When you think you have finally seen every destructive thing a culture can produce, something still more destructive confronts you.
In the video for her new single, “Feather,” pop singer Sabrina Carpenter used a Catholic Church’s sanctuary as a setting in which to perform provocative dances while scantily clad.
Now, according to The Spectator, the parish priest responsible for approving the church’s use has suffered demotion.
Carpenter’s performance occurred at the Church of the Annunciation of the Blessed Virgin Mary in Brooklyn, New York. She released the video on Halloween.
In response to justifiable outrage, the Catholic Diocese of Brooklyn has stripped Monsignor Jamie Gigantiello of administrative duties. The Diocese also removed Gigantiello from a development role.
Meanwhile, Bishop Robert Brennan restored the sanctity of the altar by presiding over a Mass of Reparation.
“Bishop Brennan is appalled at what was filmed at Annunciation of the Blessed Virgin Mary Church in Brooklyn. The parish did not follow Diocesan policy regarding the filming on Church property, which includes a review of the scenes and script. The parish reports that the production company failed to accurately represent the video content. Bishop Brennan is taking this matter seriously and will be looking into it further,” a Diocesan representative said in a statement.
Perhaps this is a function of advancing age, but what struck me most about Carpenter’s video was her utter insignificance.
Never mind that she looks, sounds and behaves like any other uninhibited blond pop singer in the 21st century. That would make her unremarkable only in comparison with her peers.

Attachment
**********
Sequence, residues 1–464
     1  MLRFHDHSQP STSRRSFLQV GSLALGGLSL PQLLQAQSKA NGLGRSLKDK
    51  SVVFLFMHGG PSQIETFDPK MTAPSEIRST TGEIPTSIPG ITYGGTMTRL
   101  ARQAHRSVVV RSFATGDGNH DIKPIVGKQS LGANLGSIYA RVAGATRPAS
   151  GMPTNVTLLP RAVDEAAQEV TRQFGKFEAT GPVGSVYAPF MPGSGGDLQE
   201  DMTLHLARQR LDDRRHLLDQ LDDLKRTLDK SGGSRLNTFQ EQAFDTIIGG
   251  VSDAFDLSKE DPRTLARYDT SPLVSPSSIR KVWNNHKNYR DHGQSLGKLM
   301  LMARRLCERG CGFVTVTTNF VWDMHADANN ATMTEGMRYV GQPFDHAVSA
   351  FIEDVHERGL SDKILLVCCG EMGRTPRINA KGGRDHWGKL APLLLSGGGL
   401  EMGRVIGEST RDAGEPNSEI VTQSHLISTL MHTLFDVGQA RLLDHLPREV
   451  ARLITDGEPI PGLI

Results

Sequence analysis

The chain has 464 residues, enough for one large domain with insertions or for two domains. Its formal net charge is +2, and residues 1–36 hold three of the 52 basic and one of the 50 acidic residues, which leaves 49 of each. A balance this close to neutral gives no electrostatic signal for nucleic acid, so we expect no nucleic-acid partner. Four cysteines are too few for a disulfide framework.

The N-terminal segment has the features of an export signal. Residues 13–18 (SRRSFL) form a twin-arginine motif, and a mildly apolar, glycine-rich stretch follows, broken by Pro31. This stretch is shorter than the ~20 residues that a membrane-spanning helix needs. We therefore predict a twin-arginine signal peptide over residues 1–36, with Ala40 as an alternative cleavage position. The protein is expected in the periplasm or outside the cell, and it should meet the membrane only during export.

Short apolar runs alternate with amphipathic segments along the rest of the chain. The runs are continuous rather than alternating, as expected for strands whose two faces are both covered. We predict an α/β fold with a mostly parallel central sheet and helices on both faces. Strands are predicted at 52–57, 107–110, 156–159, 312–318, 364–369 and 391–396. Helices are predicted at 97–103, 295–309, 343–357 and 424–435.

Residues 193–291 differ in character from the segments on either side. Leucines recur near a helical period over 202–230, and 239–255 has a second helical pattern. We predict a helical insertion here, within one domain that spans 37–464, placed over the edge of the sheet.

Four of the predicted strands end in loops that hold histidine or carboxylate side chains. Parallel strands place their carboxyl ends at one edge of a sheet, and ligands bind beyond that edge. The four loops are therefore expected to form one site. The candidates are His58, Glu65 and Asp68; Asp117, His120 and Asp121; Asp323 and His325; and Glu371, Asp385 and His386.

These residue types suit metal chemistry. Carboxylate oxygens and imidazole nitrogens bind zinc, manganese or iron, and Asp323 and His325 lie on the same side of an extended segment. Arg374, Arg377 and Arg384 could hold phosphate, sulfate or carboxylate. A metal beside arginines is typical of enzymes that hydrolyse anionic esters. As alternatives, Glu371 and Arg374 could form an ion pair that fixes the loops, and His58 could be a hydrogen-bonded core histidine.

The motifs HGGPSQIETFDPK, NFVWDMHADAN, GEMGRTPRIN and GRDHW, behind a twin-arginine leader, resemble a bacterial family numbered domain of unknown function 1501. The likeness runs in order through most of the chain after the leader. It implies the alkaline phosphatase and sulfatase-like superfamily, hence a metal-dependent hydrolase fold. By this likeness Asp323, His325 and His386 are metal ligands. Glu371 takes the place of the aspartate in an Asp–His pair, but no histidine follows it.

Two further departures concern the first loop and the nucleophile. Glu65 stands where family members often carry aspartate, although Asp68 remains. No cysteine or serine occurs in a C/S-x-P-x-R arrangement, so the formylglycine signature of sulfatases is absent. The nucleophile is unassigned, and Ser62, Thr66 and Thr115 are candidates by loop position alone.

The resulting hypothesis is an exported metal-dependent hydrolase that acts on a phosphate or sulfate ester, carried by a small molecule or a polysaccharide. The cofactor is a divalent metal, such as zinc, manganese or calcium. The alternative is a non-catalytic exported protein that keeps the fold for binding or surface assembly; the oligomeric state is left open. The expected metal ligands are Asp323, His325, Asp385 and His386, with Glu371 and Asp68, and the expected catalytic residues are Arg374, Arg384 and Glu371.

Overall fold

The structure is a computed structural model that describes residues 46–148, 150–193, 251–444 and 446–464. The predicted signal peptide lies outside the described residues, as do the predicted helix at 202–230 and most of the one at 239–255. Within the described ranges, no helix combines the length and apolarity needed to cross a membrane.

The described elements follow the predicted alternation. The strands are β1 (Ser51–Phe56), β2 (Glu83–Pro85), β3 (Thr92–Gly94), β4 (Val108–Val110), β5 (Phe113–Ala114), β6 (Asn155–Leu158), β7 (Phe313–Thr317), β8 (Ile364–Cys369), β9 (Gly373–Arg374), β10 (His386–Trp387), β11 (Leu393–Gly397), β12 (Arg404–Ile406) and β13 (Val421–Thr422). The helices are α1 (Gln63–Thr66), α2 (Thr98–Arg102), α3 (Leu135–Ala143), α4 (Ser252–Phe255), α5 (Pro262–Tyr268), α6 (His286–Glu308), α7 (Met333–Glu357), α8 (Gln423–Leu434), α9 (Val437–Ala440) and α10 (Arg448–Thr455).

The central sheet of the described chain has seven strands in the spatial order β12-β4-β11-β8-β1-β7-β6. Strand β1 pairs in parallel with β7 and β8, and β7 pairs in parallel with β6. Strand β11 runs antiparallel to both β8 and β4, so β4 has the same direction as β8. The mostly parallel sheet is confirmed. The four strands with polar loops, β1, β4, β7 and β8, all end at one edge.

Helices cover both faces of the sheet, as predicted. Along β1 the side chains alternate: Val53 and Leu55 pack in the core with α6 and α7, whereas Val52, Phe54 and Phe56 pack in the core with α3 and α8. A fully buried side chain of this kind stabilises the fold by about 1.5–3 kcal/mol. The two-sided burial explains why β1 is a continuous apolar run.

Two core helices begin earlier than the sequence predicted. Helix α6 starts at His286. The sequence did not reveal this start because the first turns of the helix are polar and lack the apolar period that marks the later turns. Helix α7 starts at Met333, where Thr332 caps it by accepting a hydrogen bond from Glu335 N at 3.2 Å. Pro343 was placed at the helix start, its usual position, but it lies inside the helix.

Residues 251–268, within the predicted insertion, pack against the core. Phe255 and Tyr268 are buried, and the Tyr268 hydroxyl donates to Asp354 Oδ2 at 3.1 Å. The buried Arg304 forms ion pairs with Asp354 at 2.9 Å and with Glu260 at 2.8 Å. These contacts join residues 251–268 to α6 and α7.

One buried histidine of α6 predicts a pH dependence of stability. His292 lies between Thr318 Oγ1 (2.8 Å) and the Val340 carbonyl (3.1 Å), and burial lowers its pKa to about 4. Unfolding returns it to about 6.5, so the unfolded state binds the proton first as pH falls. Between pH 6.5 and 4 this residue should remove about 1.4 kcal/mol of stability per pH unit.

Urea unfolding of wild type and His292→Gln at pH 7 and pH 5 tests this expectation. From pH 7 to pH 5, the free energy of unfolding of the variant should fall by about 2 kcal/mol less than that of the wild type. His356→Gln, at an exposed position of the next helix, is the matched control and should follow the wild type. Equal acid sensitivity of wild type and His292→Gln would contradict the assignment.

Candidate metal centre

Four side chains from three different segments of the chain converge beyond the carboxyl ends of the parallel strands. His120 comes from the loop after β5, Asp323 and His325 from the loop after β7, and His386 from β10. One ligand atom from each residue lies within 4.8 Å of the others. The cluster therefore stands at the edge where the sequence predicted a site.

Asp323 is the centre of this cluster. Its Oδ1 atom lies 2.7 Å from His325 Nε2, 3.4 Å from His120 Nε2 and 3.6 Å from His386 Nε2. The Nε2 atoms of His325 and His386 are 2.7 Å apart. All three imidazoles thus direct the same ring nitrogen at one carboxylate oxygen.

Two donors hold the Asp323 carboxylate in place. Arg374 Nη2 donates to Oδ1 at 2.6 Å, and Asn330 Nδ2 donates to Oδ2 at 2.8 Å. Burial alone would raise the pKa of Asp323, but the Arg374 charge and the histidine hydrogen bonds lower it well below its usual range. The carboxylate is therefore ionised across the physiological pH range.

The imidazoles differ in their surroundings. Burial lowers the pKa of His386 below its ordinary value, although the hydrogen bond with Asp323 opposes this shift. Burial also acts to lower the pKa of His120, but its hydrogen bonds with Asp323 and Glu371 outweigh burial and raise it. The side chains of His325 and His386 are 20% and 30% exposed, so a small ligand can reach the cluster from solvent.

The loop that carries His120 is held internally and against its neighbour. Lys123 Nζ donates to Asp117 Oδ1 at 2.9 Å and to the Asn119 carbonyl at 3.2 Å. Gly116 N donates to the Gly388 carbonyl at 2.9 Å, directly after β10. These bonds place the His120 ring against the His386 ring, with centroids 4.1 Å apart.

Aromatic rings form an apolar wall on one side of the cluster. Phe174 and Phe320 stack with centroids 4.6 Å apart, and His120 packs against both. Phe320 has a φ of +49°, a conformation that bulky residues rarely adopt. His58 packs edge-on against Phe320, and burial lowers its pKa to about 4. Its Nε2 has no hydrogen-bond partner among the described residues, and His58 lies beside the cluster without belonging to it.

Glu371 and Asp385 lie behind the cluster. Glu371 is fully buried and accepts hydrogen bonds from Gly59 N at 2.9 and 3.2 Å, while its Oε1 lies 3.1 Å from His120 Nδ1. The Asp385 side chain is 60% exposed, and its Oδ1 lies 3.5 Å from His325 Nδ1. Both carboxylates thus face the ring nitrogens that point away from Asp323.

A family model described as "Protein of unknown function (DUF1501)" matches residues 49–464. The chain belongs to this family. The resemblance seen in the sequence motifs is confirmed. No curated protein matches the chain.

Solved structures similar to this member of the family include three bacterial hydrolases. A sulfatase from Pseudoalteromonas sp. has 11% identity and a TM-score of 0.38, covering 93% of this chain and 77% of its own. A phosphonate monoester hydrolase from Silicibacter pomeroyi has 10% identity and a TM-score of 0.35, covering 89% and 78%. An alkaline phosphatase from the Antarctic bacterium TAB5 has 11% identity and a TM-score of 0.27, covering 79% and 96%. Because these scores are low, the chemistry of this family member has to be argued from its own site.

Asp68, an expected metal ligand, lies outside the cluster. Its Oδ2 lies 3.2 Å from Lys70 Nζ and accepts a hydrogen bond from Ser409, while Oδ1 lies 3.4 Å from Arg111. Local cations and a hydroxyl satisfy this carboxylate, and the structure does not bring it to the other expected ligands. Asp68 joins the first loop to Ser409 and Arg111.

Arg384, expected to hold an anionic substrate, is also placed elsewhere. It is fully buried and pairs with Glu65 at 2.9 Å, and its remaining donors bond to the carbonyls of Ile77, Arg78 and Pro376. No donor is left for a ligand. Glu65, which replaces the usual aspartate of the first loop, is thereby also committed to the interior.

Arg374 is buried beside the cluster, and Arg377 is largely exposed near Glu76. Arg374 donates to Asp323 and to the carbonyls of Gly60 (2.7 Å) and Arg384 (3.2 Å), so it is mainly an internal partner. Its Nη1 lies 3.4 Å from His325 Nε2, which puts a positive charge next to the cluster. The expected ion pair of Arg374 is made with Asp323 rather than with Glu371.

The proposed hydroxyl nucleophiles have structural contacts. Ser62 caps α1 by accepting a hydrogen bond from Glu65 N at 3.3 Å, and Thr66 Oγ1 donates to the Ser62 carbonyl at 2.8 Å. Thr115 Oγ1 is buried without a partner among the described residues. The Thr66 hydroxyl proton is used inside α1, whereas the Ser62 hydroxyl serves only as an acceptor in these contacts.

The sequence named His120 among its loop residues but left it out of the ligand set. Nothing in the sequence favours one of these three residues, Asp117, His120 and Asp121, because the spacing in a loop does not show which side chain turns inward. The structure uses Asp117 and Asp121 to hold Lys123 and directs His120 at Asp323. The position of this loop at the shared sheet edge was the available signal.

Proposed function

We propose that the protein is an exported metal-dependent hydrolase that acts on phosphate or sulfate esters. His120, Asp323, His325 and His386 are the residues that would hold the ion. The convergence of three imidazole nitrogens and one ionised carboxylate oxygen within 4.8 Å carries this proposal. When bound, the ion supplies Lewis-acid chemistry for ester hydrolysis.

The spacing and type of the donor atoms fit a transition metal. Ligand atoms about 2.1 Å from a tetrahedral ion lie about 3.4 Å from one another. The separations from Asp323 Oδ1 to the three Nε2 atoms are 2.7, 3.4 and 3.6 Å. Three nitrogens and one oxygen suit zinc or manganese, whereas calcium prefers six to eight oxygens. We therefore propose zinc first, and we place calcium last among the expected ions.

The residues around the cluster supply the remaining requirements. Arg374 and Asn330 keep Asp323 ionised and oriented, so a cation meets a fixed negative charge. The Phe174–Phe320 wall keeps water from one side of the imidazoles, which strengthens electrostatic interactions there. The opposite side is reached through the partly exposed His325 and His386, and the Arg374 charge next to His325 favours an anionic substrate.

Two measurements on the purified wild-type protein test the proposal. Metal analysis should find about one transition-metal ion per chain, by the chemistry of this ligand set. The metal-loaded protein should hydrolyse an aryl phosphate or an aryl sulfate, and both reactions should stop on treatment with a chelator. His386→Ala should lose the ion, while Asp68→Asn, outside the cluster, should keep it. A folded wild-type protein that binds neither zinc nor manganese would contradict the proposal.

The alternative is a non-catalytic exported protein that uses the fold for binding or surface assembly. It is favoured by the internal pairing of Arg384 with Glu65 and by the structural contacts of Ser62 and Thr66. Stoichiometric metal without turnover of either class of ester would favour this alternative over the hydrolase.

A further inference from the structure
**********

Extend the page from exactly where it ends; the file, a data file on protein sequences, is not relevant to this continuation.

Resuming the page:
She defiled a the holy setting to showcase herself; however, her comparative insignificance defies human comprehension.
On some deep level, in fact, one senses that even she must know these things about herself.
Oddly enough, Carpenter’s desecrating performance appeared only in the final 40 seconds of a more than three-minute video.
Most of what preceded that performance had Carpenter playing the role of a beleaguered, sexualized object, albeit a violent one.
First, she strolled along a sidewalk, wearing headphones while sporting a skin-tight top and short skirt. Young men began to follow her. She ignored them, and within moments a passing truck ran them over.
Then, she found herself in a gym wearing boxing gloves and punching at the camera. Her outfit, of course, revealed as much as possible while still passing for workout clothes. Men literally began fighting over her while she took selfies.
At that point, blood began to spatter. It seemed that all her admirers had killed each other. She appeared to enjoy this as she gingerly stepped over their bodies.
In the next scene, she entered an elevator. A nicely dressed young man caught her attention, but he tried to keep his notice of her secret, and in fact, he checked his watch.
Still, as she led him out of the elevator by his tie, it became clear that she intended to kill him. She got his tie stuck in the elevator, and moments later blood ran down the door as she waved goodbye.
Dressed in a revealing black outfit and veil that seemed to mock the very idea of mourning, she strutted down the center aisle and danced in front of the altar, itself covered with candles and other objects. Four pastel coffins — two on each side — flanked the altar. Then, having finished, she exited the front of the church with an exhale of relief.
Thus ended the spectacle.
Carpenter’s video, which contains vulgar language and disturbing imagery, can be seen here.
Again, having described that video, I cannot help but sense that Carpenter recognizes her own insignificance. How could she not? A young, blond pop star who wears revealing clothing and gets attention from young men? She could hardly be less original.
That makes her at least as much an object of pity as of scorn.
After all, if she wanted to realize her authentic self, she needed only to look around for inspiration. Rather than settling for a cookie-cutter, pop-star, shock-at-all-costs persona, she could have begun a journey toward becoming the person God made her to be.
Therein lay our modern culture’s destructive capacity. A young woman could throw off all her silly airs to find eternal love and purpose, and yet even in close proximity to the thing she most craves — finding her authentic self — she cannot recognize it.
God works in mysterious ways, however, so perhaps one day she will.
This article appeared originally on The Western Journal.
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